Government Takes Action to Help Driver Shortage

13th September, 2021

The shortage of drivers in the UK is hitting the headlines almost every day now. Accompanied with warnings to purchase Christmas gifts early, and predictions of food shortages.

For those in the road haulage industry, this is not a surprise. All haulage companies in Suffolk have been reporting potential risks with low driver numbers.

The Freight Transport Association reports the average age of an HGV driver in the UK is 48.  47% of drivers are over 50 years old. The rate of retirement is greater than the rate of recruitment leaving a shortage of around 90,000 drivers.

A situation made worse by Brexit and the pandemic, yet one which has been predicted for several years within truck haulage. And is not a unique issue to England: even the great trucking nation of America is feeling the squeeze.

The problem with low recruitment is attributed to several factors: rate of pay, working conditions, lifestyle, and the complexity of gaining an HGV licence.

Additional Test Slots

The government has taken action on the complaint that it takes too long to get a test forcing people to seek other work instead. In an attempt to make it a quicker and slicker process to get an HGV licence the government has introduced some changes.

By removing the need for car drivers to take another test before towing a caravan (demand of which has increased considerably during the pandemic) 30,000 test slots a year have been opened up.

The current HGV test, consisting of two parts, held three weeks apart, has been made shorter by removing certain elements. One test will be needed whether to drive a rigid or articulated lorry, freeing a further 20,000 tests a year.

In a statement issued on Friday 10 September 2021, Transport Secretary Grant Shapps said:

“From Inverness to St Ives, HGV drivers are helping to keep the country running, and have been throughout the pandemic. The shortage of drivers is a global problem, but we’ve been taking action here in the UK to help industry leaders attract drivers and build a more resilient sector.

We’ve already delivered 50% more tests than were available before the pandemic, but today’s additional measures will deliver up to 50,000 more a year, helping more and more people to kickstart their career as a well-paid HGV driver”.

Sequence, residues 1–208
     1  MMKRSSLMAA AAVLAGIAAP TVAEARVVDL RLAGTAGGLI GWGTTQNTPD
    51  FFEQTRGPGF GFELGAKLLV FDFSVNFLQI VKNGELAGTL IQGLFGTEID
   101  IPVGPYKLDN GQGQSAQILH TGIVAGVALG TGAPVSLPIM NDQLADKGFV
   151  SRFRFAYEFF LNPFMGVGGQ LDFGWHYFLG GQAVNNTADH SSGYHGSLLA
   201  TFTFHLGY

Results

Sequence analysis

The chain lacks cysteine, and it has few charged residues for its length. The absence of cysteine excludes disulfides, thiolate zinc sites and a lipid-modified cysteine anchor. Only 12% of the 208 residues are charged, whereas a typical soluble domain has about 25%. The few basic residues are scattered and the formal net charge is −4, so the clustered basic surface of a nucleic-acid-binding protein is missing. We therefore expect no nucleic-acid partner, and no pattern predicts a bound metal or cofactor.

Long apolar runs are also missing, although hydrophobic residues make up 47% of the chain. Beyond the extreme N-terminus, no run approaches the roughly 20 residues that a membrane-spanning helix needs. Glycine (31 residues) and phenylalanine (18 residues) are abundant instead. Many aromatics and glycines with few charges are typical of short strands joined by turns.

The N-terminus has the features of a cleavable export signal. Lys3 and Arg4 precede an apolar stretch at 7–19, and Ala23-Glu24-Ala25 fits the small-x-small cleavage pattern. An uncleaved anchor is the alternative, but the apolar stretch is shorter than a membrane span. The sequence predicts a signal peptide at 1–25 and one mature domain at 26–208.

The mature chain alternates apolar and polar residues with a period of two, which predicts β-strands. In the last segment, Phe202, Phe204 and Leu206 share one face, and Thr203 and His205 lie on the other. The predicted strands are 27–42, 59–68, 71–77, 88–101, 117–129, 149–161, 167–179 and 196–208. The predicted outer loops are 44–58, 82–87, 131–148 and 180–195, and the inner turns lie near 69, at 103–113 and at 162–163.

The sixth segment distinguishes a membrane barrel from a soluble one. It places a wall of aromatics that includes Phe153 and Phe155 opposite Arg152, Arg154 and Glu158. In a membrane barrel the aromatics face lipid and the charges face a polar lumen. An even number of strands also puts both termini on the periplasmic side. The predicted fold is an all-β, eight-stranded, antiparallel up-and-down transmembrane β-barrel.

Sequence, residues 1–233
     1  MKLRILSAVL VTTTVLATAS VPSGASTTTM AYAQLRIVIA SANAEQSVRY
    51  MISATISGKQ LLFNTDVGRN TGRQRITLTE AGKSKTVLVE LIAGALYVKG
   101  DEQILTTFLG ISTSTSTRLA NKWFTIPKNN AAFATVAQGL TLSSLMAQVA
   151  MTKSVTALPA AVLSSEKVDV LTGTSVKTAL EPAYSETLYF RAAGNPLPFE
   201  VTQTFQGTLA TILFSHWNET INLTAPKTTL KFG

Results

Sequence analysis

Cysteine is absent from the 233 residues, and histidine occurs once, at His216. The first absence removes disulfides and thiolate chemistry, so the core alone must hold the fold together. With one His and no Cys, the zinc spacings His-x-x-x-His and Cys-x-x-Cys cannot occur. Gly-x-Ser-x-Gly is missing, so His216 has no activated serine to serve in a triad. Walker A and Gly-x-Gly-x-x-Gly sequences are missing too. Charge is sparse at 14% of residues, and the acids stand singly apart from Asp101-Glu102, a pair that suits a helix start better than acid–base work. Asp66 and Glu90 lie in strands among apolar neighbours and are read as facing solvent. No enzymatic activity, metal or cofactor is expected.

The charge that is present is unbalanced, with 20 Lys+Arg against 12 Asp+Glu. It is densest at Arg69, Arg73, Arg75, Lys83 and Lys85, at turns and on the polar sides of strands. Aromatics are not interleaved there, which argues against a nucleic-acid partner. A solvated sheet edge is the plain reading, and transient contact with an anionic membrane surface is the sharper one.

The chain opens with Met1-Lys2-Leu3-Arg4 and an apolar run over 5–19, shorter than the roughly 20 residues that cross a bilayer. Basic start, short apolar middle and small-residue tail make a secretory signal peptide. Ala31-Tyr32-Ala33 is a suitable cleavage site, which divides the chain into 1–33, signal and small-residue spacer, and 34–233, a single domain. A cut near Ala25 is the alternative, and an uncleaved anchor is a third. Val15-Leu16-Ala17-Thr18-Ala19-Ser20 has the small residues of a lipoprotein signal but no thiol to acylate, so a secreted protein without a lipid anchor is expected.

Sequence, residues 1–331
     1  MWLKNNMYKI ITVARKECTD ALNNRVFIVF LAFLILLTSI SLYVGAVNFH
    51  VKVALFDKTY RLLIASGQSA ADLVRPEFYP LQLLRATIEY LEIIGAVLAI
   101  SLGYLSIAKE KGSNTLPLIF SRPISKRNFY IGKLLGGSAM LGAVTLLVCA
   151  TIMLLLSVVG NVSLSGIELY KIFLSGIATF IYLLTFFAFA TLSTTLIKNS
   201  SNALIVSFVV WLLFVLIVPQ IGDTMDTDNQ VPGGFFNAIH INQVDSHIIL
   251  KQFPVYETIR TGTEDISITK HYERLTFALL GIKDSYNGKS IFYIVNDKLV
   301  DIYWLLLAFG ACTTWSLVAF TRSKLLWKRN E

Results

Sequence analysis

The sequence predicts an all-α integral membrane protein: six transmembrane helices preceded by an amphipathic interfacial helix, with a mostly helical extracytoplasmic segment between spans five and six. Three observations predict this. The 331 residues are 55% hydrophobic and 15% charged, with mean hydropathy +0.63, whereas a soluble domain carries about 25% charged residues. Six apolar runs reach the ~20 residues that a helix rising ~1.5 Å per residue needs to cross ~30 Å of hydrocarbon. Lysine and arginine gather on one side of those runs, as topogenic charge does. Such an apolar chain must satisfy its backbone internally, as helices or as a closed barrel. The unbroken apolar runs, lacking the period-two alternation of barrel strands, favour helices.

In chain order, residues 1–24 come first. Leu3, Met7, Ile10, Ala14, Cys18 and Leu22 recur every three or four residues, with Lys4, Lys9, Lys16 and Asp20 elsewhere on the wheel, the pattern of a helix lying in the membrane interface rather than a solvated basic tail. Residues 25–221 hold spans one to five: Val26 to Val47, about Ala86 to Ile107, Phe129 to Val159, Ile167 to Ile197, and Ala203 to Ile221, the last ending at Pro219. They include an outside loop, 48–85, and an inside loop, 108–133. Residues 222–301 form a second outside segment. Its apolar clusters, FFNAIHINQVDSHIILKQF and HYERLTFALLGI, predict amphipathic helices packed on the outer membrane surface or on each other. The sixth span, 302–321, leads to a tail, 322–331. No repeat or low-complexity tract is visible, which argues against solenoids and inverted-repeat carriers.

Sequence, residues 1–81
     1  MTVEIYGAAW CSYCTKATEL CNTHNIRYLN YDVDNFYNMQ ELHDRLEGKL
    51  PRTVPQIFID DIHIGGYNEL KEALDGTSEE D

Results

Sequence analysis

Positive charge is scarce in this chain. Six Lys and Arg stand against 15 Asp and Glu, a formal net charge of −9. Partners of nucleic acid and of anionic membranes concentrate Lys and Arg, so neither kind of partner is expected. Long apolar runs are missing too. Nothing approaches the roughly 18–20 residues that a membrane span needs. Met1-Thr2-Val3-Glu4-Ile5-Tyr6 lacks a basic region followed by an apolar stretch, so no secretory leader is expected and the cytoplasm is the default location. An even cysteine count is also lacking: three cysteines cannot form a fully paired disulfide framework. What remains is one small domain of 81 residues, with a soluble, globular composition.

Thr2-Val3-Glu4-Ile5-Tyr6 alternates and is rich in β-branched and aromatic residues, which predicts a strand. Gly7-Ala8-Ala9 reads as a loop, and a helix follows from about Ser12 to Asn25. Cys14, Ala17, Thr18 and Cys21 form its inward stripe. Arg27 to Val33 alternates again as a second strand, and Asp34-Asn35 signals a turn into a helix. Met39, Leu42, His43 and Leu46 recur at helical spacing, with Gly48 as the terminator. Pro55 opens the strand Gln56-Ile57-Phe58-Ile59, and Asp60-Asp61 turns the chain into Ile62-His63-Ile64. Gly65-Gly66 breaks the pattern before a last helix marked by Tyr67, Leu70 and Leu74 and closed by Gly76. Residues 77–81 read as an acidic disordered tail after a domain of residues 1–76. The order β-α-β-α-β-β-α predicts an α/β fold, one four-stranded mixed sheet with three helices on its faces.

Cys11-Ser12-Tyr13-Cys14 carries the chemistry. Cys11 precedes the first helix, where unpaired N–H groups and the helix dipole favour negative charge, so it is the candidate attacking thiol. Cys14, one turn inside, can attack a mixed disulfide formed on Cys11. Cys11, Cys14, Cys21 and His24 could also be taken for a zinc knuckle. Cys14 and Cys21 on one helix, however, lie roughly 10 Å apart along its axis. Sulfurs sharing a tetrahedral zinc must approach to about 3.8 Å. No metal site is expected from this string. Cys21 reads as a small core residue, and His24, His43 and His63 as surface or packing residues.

The government is adamant that safety standards and driving quality will not be impacted. The changes are in response to public consultation and are now possible due to no longer having to follow EU regulations.

Magnus Group Drivers

Magnus Group Ltd is being proactive to maintain its driver numbers and plan for the future. Emma Lightfoot, Head of Personnel and Development: “Whilst we have seen many changes in the industry since Brexit, the introduction of IR35 and the impact of coronavirus, we have been lucky in that we have retained the majority of our drivers. To help people retrain, we have also taken on a couple of apprentice drivers whose training we will pay for and have also committed to covering training costs for our Class 2 drivers who wish to gain Class 1 status”.

Like many industries, Magnus Group is also seeing working hours changing.  For this reason, we have a few vacancies for permanent positions, either part or full-time, and would be interested to hear from anyone Class 2 or Class 1 qualified by submitting a CV or email via


Magnus Group, a haulage, warehousing and freight forwarding logistics company, is based just outside Ipswich, Suffolk, ideally placed to serve the Port of Felixstowe with direct road links to the Midlands, the North, and London.  If you would like to know more about our warehousing, transport or global forwarding teams call us on +44 (0) 1473836600 or email on We advertise our driver jobs on our company website: if you would like to join our team, follow our LinkedIn company page and check out our website.


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